Misanthropy of Form: John Banville’s Henry James


  • Catherine Toal




John Banville, Mrs. Osmond, Henry James, The Portrait of A Lady, Misanthropy, Metafiction, Bildungsroman


Mrs Osmond (2017) is unique to date among John Banville’s non-pseudonymous novels in having a female protagonist and no first-person voice. Reviewers have hailed it as a pastiche faithful to the style and dramatic situation of the classic work for which it offers a sequel, Henry James’s The Portrait of a Lady (1881). This essay argues that Mrs Osmond dismantles all the central elements of Portrait. Its manner of doing so shows the fundamental importance of a quality often observed in Banville’s male narrators—misanthropy—to the design of his novels, particularly its close connection to the aspect of his work most highlighted by scholars: metafictional self-reflexivity.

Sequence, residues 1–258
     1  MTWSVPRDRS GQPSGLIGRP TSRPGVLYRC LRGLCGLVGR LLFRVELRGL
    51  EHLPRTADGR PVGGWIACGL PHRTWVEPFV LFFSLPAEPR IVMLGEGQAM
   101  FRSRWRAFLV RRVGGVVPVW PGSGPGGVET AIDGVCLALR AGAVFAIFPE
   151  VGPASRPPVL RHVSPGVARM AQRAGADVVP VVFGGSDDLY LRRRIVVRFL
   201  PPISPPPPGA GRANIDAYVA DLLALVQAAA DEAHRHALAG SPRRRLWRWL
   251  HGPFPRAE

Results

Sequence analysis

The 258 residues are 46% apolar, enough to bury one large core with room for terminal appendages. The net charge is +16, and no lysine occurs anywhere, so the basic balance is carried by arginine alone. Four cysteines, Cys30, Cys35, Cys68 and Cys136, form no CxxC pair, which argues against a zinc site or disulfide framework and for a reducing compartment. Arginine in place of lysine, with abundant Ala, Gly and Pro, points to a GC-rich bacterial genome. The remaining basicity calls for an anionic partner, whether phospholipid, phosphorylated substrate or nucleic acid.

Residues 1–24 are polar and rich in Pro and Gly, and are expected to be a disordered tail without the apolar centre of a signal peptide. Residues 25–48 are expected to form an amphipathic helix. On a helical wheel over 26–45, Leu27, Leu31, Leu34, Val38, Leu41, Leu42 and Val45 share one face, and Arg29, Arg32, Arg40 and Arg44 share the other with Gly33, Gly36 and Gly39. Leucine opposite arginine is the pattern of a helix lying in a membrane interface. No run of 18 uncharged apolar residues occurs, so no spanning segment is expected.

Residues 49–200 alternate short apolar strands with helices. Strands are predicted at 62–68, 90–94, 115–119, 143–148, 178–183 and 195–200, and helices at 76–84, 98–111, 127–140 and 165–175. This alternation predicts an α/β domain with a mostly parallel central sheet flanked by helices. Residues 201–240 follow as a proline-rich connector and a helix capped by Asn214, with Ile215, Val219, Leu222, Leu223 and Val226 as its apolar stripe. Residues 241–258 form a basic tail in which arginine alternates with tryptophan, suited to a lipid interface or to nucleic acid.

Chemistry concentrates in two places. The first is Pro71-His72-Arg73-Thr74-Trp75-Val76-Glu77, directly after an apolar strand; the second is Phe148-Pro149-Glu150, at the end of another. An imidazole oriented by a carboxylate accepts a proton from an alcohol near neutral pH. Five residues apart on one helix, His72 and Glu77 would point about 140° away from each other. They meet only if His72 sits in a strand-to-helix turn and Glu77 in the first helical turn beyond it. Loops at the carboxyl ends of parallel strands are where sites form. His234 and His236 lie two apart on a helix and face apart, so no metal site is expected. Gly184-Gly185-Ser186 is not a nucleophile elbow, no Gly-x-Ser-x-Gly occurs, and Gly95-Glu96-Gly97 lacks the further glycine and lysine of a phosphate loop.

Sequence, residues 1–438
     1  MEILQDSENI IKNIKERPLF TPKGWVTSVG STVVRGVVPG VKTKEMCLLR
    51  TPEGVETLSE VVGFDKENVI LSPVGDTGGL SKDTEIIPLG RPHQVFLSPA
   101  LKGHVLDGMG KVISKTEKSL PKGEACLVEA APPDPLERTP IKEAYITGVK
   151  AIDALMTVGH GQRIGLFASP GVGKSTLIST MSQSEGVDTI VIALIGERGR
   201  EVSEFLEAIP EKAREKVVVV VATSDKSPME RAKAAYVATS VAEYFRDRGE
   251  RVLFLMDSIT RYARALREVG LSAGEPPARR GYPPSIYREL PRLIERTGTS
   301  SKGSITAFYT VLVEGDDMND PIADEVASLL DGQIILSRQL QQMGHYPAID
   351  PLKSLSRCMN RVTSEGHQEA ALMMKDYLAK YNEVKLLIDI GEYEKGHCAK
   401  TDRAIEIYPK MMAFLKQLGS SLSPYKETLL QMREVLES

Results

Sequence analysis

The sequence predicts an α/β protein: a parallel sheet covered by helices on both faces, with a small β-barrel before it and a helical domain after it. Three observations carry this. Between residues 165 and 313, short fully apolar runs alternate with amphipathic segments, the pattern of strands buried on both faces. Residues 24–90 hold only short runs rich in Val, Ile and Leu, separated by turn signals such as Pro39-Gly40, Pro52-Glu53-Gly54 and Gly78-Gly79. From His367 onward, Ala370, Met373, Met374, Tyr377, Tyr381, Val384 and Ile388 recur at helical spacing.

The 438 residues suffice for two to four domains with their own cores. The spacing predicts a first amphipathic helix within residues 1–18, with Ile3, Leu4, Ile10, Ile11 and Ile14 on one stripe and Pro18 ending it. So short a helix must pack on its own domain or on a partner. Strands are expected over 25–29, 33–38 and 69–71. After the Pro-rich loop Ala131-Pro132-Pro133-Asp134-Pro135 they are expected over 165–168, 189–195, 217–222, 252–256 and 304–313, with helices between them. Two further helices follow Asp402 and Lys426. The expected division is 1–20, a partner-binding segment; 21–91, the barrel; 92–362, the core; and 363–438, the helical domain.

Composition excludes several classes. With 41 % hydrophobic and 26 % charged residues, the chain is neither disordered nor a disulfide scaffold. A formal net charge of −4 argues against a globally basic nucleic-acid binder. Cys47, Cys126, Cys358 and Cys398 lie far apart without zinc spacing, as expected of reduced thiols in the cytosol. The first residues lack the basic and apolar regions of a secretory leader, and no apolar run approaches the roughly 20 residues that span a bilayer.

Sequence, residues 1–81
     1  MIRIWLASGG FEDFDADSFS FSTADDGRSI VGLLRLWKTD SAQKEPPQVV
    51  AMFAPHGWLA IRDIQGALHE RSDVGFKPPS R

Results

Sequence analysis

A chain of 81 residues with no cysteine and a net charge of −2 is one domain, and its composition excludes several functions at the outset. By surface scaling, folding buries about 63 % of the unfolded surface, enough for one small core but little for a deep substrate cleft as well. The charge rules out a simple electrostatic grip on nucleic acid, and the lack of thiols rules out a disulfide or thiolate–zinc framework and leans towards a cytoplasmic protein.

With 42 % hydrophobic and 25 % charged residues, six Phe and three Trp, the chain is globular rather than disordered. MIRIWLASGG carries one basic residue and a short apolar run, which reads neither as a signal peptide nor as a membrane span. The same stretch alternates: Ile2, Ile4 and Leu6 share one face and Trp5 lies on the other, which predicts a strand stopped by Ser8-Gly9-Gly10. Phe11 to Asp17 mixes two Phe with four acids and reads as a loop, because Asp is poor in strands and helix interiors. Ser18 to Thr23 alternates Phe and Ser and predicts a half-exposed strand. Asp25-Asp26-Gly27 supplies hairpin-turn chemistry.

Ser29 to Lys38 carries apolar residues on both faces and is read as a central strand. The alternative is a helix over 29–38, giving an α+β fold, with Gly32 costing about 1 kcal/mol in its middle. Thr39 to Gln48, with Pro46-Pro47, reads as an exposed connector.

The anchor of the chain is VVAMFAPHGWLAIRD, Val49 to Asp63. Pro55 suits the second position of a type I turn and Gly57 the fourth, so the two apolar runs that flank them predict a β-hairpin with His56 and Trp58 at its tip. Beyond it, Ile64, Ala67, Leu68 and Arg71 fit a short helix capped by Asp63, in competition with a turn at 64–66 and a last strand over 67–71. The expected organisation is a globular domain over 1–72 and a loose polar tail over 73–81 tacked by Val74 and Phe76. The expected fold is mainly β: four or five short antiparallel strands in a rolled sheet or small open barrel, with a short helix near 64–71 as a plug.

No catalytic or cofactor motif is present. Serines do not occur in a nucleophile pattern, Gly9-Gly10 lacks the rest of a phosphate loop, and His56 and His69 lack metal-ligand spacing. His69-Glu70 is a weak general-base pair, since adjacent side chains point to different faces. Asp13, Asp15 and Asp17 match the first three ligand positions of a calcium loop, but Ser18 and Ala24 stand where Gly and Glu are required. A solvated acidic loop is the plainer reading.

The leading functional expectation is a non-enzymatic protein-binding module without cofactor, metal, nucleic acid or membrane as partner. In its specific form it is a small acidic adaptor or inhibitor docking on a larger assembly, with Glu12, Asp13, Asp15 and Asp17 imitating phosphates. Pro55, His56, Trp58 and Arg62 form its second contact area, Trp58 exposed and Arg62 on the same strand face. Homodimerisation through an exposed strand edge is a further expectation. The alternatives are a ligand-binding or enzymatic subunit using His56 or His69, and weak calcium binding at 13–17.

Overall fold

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How to Cite

Toal, C. (2021). Misanthropy of Form: John Banville’s Henry James. ABEI Journal, 22(1), 173-182. https://doi.org/10.37389/abei.v22i1.3856